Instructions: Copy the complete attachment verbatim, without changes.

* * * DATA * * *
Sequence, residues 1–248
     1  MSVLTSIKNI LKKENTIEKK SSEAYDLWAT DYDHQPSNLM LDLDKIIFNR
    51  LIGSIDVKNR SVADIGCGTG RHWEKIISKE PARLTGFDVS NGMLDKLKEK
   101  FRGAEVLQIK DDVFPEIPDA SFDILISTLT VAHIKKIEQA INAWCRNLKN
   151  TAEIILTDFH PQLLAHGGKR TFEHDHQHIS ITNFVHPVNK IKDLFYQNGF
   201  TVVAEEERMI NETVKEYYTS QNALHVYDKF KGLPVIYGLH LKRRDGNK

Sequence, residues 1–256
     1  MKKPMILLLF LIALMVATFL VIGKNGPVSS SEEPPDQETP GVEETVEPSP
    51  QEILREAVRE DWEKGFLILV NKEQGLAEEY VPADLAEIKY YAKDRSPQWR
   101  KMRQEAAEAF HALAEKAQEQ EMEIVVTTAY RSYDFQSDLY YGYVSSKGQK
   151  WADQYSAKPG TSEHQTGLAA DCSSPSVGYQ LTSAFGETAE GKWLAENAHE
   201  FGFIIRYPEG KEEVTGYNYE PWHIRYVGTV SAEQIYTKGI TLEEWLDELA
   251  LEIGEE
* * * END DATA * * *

Sequence, residues 1–248
     1  MSVLTSIKNI LKKENTIEKK SSEAYDLWAT DYDHQPSNLM LDLDKIIFNR
    51  LIGSIDVKNR SVADIGCGTG RHWEKIISKE PARLTGFDVS NGMLDKLKEK
   101  FRGAEVLQIK DDVFPEIPDA SFDILISTLT VAHIKKIEQA INAWCRNLKN
   151  TAEIILTDFH PQLLAHGGKR TFEHDHQHIS ITNFVHPVNK IKDLFYQNGF
   201  TVVAEEERMI NETVKEYYTS QNALHVYDKF KGLPVIYGLH LKRRDGNK

Sequence, residues 1–256
     1  MKKPMILLLF LIALMVATFL VIGKNGPVSS SEEPPDQETP GVEETVEPSP
    51  QEILREAVRE DWEKGFLILV NKEQGLAEEY VPADLAEIKY YAKDRSPQWR
   101  KMRQEAAEAF HALAEKAQEQ EMEIVVTTAY RSYDFQSDLY YGYVSSKGQK
   151  WADQYSAKPG TSEHQTGLAA DCSSPSVGYQ LTSAFGETAE GKWLAENAHE
   201  FGFIIRYPEG KEEVTGYNYE PWHIRYVGTV SAEQIYTKGI TLEEWLDELA
   251  LEIGEE